Tuesday, 16 June 2009
After a challenging weekend with my nearest and dearest, I came into work yesterday to this.
Some of the interesting arguments in it relate to what local politicians should be doing rather than slagging each other off without however addressing the sticky wicket of resourcing.
Another interesting bit includes a quote from then former Chief Executive of Solihull, current Chief Executive of Northamptonshire County Council, Katherine Kerswell. Katherine highlights the importance of citizens feeling that they have at least been listened to in decision making even if they disagree with the decision made.
The publication also dwells a little on the semantics and space between justice and fairness ... can there be a distinction to people who are outside of local governmentspeak? The document talks about citizens having trust in the organisations like Councils when they don't deliver for them as long as they can see that things are done fairly. Can't see it myself.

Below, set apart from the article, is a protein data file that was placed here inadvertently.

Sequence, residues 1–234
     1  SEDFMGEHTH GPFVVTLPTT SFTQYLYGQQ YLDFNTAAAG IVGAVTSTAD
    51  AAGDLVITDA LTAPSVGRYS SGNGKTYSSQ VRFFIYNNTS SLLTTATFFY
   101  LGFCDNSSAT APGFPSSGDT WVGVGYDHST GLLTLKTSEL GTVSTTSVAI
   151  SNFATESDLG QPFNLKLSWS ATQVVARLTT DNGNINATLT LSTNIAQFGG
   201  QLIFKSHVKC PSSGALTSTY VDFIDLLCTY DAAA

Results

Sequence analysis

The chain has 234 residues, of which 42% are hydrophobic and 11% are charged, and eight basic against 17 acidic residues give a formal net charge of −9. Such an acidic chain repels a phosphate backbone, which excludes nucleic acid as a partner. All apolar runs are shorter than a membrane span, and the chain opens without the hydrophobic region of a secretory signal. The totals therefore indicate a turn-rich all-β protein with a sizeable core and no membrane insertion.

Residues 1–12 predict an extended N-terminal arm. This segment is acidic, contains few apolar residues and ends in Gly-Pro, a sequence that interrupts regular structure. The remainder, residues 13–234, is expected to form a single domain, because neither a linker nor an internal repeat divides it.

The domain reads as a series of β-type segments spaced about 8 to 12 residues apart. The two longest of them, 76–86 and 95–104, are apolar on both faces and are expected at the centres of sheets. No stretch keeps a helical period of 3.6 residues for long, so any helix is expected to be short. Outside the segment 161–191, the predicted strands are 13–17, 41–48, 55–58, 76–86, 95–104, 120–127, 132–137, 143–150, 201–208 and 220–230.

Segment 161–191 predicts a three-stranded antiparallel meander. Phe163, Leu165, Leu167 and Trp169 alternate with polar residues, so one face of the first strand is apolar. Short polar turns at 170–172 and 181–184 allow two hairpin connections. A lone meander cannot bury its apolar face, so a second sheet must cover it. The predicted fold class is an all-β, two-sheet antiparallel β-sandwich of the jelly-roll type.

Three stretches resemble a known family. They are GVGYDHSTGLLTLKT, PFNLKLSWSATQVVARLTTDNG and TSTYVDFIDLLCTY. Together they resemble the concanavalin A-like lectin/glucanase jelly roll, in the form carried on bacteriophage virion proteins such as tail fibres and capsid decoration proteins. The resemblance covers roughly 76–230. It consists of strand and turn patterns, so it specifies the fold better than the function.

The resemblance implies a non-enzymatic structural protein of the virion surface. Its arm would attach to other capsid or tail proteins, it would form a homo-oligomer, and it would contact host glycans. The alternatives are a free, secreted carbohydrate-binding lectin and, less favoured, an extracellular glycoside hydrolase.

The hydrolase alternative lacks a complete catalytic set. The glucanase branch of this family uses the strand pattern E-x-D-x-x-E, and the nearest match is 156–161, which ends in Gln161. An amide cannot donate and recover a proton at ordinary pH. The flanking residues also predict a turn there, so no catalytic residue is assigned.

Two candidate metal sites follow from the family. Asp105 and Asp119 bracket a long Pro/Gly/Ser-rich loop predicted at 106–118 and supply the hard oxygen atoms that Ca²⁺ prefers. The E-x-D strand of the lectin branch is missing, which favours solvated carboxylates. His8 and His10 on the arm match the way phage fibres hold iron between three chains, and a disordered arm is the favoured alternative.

The legislation for decision making now demands thorough investigation on how decisions changes will affect people and whether new decisions will unfairly or less favourably treat people and has done since 2000. It's interesting that in a document based on discussing trust, there is no mention of discrimination and less favourable treatment. Equally, there's not consistent application of the legistlation as yet in local authorities. Perhaps it's just a little unfashionable at the moment. When doing the right thing and making the right decisions based on treating people equally falls out favour it's a trend that I'm willing to to fight. I don't think I'm the only one either.
Tuesday, 9 June 2009
With the Blockheads due to play in Northampton at 2pm on Sunday in the Market Square and Penny Red’s post it seems to be the right thing to start blogging again with.
Having had a couple of days to think about elections I think it’s time we regained a sense of humour. The picture indicates this house on Calder Green is unlikely to have voted for me but 577 others did.
One of those that told me that she did, attended one of my councillor surgeries a while back. She told me that she used to live in the Boroughs (Spring Boroughs) and when she went to a girls school in the town there were only two teachers there: one teacher for the English and one for housewifery. The girls took it in turns for two of them to go in early so that the floors were scrubbed clean and the fires light in the classroom.
Reasons to be cheerful, reasons to celebrate progress.